There was pizza everywhere, piles and piles of pizza, and people pondered it perplexedly and partook of the pizza until they popped.
Last weekend’s Pizza Palooza at Centennial Terrace was a pepperoni-topped success, by all accounts. There wasn’t even a monsoon this year. However, there was a torrent of pizza that nearly overwhelmed the brave and astonishingly dedicated group of judges. They had to taste two samples from each of the 10 pizza-parlor competitors, and, for reasons that still remain a little bit murky, a third sample from one of them.
If my math is right, that’s 20 samples, or 21, and we aren’t talking tiny samples, either. At least two, three, four bites apiece. Yet the dedicated and unusually attractive crew of judges soldiered on and were equal to the task, if only barely. Some of them may never eat another pizza again, or at least until next year.
And who did these seriously no-longer-hungry judges choose as the best in town? In the cheese and pepperoni category, that would be PizzaPapalis, which specializes in Chicago-style stuffed pizzas (which means that their slices are even bigger than the others). Vito’s took second place, with Jet’s Pizza coming in third.
In the specialty category, the restaurants could go freestyle, picking their favorite or perhaps bestselling pizzas to impress the judges. In first place was Charlie’s Homemade Pizza and Italian Cuisine, which won with their Bluto Pizza: Alfredo sauce topped with cheese, spinach, garlic, chicken, artichokes, feta and ricotta cheeses, and toasted almond slivers. J-Cups Pizza came in second, and third place was given to Mama Mary’s Pizza.
Ordinary people got to vote, too, they voted for their favorites. This year’s People’s Choice award went to Charlie’s Pizza, a first-time winner in the category. Amie’s Pizza and Mancino’s took second, with third place going to J-Cups, another first-time winner.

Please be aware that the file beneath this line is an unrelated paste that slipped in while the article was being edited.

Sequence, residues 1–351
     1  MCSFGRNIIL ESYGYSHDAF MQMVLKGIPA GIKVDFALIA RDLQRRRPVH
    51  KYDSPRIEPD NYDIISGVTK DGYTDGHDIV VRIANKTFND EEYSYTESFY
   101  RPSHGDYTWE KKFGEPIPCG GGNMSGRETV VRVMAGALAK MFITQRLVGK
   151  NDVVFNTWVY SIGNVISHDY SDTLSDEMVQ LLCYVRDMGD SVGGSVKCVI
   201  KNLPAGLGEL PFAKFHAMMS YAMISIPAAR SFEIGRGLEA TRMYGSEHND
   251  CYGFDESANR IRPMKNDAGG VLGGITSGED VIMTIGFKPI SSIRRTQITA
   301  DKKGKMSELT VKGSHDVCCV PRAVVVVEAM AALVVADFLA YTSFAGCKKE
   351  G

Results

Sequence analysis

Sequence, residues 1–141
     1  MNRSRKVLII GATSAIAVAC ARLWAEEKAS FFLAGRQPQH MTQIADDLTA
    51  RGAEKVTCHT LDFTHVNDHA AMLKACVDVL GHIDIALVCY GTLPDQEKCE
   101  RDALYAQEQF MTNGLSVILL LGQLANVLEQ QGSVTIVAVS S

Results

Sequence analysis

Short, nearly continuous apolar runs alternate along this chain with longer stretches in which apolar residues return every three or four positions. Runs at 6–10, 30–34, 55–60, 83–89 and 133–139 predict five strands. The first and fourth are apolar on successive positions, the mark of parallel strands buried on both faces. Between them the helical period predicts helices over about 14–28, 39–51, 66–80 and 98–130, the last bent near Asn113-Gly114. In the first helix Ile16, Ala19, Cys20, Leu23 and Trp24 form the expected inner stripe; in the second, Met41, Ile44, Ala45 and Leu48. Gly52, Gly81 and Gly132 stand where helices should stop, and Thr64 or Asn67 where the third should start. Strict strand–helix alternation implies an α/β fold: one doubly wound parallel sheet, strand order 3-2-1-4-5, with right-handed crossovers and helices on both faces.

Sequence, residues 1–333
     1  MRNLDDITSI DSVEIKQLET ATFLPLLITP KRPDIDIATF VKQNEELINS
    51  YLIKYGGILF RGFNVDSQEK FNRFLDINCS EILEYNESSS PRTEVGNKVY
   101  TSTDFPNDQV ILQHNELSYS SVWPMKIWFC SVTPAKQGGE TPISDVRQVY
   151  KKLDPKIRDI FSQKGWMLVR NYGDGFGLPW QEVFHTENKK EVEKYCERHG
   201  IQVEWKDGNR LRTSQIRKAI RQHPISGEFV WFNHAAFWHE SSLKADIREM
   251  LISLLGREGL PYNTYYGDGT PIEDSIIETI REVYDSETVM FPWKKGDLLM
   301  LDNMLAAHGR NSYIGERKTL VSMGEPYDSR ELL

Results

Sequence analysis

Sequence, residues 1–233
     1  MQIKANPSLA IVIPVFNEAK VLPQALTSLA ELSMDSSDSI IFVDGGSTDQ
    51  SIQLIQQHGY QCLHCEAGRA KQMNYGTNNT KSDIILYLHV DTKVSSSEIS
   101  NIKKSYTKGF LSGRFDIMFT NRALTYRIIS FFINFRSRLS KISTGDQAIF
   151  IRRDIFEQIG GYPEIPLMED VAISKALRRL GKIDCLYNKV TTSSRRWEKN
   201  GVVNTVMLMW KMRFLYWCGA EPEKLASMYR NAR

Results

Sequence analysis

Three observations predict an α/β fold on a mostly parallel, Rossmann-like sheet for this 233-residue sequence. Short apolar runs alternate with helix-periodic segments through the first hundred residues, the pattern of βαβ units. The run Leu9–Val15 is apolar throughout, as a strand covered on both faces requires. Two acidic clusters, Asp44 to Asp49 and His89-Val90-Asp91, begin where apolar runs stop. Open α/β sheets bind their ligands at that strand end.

Among the media outlets, Sylvania Advantage took first, followed by 92.5 KISS FM in second, and 1370 WSPD in a nothing-to-be-ashamed-of third.
Kingston of Sylvania proved to have the best pizza in the corporate category, with VZN Group in second and the J. Fox Agency — Nationwide Insurance in third.
Nixon’s the one
The Chaine Des Rotisseurs is such an elite organization of food and wine enthusiasts, you probably haven’t even heard of them. But they have been around for a long time; they were founded all the way back in 1950.
Or rather they were re-founded then. The original Chaine Des Rotisseurs began in 1248.
Let’s see: In 1248, the Mongols were conquering Russia. Construction began on the magnificent cathedral in Cologne. Thomas Aquinas was just a boy, Roger Bacon was not yet a friar, and Marco Polo was not yet even born.
What I am trying to say is it was a very long time ago. Any group that is even associated with a group dating back that far has to be seen with a bit of gravitas and respect. These people know their food (we have dined with the Toledo chapter, and we can assure you it is true). So it means something when they give a chef the title of Master Restaurateur.